When we surveyed Edapt subscribers last year, we asked them if there is anything they’d like to see us so differently. One teacher said:

“Get us together to create a vision of the perfect education system. Rather than tinkering views here and there, Edapt should stand for something big…”

I was reminded of this comment last week when talking to Alexandra Schroeck, Director of Communications & Advocacy, at the Association of American Educators. Alex describes here how they are the non-union choice for educators in the USA. They work to promote “professionalism, collaboration and excellence without a partisan agenda”. They have developed a code of ethics for educators, devised by an expert advisory board, and shared with a number of educational organisations. At edapt we have only recently been in touch with the AAE, and have been surprised, given the differences between the USA and the UK, at the similarities in their overall aims and ours. As we are committed to focussing on providing the best levels of service for our teachers in terms of protection, policy and development, we therefore at present have no intentions to work towards developing a similar code of ethics.

Personally, however, I am intrigued by the role it could play. This belief was sparked in part by a conversation with a friend who worked in public health, and who talks about the importance of three elements – statistical evidence from medical research, biomedical science and medical ethics. In education, we’re beginning to make better use of evidence-based practice, and the equivalent of biomedical understanding – our understanding of how children learn – has an increasing profile. Michael Rosen called for teachers to ‘own the theory of their own practice’ by focussing on understanding how children learn at last year’s Festival of Education, and cognitive science is becoming more familiar through the work of scientists such as Daniel Willingham in his book, ‘Why Don’t Students Like School?’  (helpfully summarised here by teacher Joe Kirby). This still, however, seems to be happening in a vacuum of educational ethics, which is allowing politics to continue to dominate where ethics should.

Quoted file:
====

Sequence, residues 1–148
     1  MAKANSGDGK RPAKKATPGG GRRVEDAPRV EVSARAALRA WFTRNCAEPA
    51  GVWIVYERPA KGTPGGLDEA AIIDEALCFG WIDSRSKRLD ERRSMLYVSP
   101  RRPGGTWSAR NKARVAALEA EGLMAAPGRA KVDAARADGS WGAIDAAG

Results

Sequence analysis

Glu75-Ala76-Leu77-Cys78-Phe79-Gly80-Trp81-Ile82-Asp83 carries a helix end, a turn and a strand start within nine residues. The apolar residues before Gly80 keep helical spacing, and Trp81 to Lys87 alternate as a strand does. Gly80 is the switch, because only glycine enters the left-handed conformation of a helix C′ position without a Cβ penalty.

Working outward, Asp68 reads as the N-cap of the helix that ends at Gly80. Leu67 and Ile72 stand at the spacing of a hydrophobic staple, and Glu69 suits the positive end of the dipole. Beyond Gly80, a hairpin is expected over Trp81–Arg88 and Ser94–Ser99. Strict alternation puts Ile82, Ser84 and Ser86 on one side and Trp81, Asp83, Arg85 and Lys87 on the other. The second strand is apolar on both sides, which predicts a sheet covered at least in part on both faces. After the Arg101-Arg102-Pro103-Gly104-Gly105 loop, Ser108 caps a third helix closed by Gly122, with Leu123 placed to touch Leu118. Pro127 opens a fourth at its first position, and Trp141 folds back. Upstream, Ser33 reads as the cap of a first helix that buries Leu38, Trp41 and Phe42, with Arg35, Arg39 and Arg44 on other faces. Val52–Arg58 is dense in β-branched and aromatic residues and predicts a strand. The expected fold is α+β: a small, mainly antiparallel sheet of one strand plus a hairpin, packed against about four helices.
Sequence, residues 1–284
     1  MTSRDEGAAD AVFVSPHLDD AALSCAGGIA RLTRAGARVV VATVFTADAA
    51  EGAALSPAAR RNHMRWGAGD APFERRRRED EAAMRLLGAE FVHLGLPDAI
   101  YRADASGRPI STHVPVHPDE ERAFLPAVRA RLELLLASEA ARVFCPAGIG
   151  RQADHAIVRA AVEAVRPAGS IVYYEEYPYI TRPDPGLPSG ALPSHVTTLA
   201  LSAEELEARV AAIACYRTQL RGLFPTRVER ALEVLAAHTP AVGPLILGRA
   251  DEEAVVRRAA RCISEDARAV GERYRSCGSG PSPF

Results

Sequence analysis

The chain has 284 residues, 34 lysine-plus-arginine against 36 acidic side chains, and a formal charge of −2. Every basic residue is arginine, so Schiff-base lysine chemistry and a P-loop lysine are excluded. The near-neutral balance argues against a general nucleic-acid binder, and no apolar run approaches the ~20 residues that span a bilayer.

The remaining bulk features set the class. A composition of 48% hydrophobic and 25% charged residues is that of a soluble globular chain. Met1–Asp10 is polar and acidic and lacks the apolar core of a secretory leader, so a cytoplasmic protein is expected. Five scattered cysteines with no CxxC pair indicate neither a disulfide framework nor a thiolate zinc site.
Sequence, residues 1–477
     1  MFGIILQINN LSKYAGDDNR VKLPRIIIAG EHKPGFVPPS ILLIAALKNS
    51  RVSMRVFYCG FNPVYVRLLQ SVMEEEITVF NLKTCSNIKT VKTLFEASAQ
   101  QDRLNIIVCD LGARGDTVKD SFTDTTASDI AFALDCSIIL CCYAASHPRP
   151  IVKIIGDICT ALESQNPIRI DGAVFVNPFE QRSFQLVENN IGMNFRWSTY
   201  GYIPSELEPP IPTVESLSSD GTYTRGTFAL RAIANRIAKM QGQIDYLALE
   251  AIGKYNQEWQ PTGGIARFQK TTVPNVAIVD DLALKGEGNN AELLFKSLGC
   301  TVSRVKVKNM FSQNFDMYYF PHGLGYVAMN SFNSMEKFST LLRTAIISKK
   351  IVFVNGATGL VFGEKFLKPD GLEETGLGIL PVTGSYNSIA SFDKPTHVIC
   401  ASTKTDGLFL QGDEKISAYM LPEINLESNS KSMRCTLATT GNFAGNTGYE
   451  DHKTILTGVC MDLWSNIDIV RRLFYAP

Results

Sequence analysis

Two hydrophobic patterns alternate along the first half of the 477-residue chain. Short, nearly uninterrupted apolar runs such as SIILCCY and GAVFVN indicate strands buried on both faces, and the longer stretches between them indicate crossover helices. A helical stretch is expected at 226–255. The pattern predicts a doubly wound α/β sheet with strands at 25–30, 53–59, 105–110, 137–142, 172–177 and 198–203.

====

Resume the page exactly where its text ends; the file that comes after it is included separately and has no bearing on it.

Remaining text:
Director of the IoE Professor Chris Husbands, has warned of the dangers of comparisons with the medical profession, and prefers the term “quasi-clinical” on the basis that education is a universal service while health deals with pathologies. I think, nevertheless, there is still much to be learnt – especially from public health. Considerations such as the age group that screening programmes should target, or the introduction of a new inoculation programme can make for useful analogies with the introduction of new assessment programmes to detect the need for intervention – such as phonics screening, or the introduction of a new programme targeting underperformance – such as the pupil premium, as long as they’re not taken too literally.

When evidence is used in isolation from an understanding of how people learn, seemingly counter-intuitive conclusions are drawn. Lots of statistical research has shown evidence that reductions in class-size isn’t as significant as other factors in improving pupil outcomes, and yet lots of teachers would instinctively tell you that smaller class size would be the one thing that would make the most difference to them and their students. This is because the statistical evidence shows the results of a combination of factors – one of which is finding enough good teachers to teach the higher number of smaller classes – rather than isolating the impact on each pupil based on an understanding of how people learn. With synthetic phonics screening, research evidence shows that statistically teaching reading through synthetic phonics reduces gaps in achievement between those from a low socio-economic background and those from a higher socio-economic background. Yet every time I have visited a primary phonics lesson and seen children driven to read the words in front of them by a desire to understand a story, and then seen them stopped and told to instead sound out the words, I am left uncomfortable by this approach as it seems counter to everything I understand about the importance of pupil motivation in learning. Both also relate to the quality of childhood.